FacebookTwitterGoogle+RedditEmail

Captain Charles Moore: Oceanic Muckraker

“Recycling is a myth. We are making more junk than we can reuse. Today, we only recycle 3% of the total production of our garbage.”

– Captain Charles Moore

Cpt. Charles Moore (Photo: Jonah Raskin).

The reporters who built their reputations in the Golden Age of Muckraking raked muck on dry land, not at sea. Ida B. Wells, Ida Tarbell and Lincoln Steffens exposed racism, political corruption and corporate greed in books like The Free Speech (1892), The History of the Standard Oil Company (1904) and The Shame of the Cities (1904).

Upton Sinclair uncovered the nauseating meatpacking industry in The Jungle (1906) and helped bring about the passage of The Pure Food and Drug Act. Carey McWilliams, Bob Woodward, Carl Bernstein and Edward Snowden have carried on the tradition.

More recently, Captain Charles Moore has revealed what might be called the “shame of the oceans.”

A sea captain and an oceanographer, he has brought to the attention of the world, over the past two decades, the existence of the “Great Pacific Garbage Pack,” an area in the Pacific Ocean twice the size of Texas that’s littered with plastic and that’s rapidly destroying sea life.

Moore originally called the area a “plastic cesspool.”

I caught up with Captain Moore recently at a high school in California where he talked to students about the crisis of garbage that’s engulfing the Atlantic, the Pacific and the Indian oceans.

Moore also spoke briefly about garbage in outer space.

“There are one millions pieces of trash orbiting the Earth,” he said calmly. Indeed, not once did he raise his voice. He added, “We’re constantly putting trash out there.”

Moore had just returned from Shanghai where he had taken his message to Chinese students and adults.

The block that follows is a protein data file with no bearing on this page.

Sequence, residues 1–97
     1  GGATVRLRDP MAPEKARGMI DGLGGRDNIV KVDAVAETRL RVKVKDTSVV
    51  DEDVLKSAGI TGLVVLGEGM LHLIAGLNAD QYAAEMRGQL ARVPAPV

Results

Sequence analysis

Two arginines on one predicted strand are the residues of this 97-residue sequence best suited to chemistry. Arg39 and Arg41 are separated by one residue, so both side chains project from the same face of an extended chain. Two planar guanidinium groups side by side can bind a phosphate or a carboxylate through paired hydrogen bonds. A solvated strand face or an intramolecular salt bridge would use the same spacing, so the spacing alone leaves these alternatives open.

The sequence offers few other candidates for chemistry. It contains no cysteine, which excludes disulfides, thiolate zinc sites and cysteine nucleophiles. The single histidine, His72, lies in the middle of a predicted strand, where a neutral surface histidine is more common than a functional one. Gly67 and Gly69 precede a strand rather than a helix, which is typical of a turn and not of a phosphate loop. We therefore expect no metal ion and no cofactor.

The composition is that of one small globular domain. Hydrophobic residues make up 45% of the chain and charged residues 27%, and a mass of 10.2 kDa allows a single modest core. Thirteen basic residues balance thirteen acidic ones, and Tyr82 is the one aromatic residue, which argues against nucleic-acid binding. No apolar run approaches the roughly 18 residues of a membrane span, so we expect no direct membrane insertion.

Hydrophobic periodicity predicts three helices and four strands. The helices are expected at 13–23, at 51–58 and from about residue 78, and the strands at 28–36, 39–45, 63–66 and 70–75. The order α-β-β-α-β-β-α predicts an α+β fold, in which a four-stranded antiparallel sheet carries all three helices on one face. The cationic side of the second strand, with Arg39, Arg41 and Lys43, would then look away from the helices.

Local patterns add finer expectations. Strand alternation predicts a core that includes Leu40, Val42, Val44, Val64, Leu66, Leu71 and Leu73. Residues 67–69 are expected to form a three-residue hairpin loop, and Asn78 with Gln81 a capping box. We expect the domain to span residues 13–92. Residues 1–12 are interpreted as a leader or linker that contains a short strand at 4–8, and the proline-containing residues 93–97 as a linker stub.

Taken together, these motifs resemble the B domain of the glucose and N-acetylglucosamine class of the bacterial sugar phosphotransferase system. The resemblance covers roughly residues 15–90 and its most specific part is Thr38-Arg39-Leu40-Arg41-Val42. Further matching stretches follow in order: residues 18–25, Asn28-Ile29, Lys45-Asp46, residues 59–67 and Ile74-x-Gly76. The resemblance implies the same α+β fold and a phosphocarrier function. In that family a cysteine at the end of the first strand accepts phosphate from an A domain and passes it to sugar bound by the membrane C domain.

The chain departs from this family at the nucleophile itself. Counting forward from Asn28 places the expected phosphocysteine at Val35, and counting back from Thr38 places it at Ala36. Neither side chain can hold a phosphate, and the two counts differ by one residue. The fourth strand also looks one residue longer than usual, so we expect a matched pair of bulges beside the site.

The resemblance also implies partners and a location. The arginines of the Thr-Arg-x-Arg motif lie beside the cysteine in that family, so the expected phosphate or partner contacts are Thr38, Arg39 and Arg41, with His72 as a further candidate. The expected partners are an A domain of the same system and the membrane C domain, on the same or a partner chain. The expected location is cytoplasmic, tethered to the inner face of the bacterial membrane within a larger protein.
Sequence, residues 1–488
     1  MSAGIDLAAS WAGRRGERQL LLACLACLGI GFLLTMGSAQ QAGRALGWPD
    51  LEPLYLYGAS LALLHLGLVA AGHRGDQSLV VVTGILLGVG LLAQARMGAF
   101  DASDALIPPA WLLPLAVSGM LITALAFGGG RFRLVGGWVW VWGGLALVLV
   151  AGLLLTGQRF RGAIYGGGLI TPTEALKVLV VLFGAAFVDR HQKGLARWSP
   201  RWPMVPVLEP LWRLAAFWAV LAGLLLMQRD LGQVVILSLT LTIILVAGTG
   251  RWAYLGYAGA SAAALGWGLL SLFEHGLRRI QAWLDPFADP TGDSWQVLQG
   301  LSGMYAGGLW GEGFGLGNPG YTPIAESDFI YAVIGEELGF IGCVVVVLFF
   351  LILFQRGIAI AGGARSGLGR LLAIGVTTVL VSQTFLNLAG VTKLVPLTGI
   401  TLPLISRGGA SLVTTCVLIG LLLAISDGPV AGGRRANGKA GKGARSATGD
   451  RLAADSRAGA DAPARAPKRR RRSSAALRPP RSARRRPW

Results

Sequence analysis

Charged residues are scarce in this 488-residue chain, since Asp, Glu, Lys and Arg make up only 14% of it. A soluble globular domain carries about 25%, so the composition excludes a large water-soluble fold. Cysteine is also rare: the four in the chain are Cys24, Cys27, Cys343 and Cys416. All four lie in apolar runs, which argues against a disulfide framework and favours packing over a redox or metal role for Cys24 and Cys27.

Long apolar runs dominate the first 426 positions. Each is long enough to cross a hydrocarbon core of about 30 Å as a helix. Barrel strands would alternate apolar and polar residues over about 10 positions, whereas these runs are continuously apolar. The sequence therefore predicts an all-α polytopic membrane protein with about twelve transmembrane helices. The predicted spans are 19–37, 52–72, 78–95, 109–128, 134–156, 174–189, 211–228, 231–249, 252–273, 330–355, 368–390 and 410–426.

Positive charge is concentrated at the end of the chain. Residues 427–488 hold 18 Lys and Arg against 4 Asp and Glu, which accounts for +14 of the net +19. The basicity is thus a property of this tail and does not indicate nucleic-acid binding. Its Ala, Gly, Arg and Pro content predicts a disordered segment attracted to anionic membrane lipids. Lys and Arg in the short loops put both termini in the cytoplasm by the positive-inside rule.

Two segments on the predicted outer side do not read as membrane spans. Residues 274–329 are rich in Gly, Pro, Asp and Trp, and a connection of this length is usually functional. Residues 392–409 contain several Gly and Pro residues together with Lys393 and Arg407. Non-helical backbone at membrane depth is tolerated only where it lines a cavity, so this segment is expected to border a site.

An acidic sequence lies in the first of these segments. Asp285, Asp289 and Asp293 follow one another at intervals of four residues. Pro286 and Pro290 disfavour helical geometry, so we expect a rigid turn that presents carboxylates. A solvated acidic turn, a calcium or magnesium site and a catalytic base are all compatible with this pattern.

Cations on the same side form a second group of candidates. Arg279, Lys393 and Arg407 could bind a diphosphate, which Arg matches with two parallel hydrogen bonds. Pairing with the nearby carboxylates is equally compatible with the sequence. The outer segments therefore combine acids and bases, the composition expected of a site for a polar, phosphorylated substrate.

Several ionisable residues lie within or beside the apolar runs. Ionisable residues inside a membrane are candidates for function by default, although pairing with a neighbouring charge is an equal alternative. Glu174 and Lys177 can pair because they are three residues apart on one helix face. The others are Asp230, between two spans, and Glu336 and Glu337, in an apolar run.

He lives and works in Long Beach, California where he founded the Algalita Marine Research and Education project that raises environmental awareness about the growing crisis of plastic at sea.

Wearing a black suit, a white shirt and a bow tie, Moore showed color slides and delivered a grim message to 350 California students, most of them firm believers in recycling.

“We are making more junk than we can reuse,” he said. “Recycling is a myth. We can’t do it. Today, we only recycle 3% of the total production of our garbage.”

Moore lambasted Amazon in particular for manufacturing and distributing tons of cardboard and plastic products.

He also pointed out that, human beings all around the world once thought that plastic was a wonderful innovation and that over the past fifty-years many consumers have bought into the whole idea of disposable products they could use and then throw away.

In 1997, Captain Moore discovered what has since come to be known as “The Great Pacific Garbage Patch” while sailing from Hawaii to California.

“I was confronted, as far as the eye could see, with the sight of plastic,” he wrote in an article for Natural History magazine. He added, “It seemed unbelievable, but I never found a clear spot. No matter what time of day I looked, plastic debris was floating everywhere: bottles, bottle caps, wrappers, fragments.”

Moore told the assembled California high school students, “We’re becoming plastic people. Plastic is woven into the fabric of life itself.” He added, “It’s my hypothesis that plastic kills more animals every year than climate change.”

The students might have dismissed Moore as a grumpy old man. After all, he told them, “In the U.S. we don’t do anything except watch TV.” He added, “We will have to deprive ourselves of glitz.”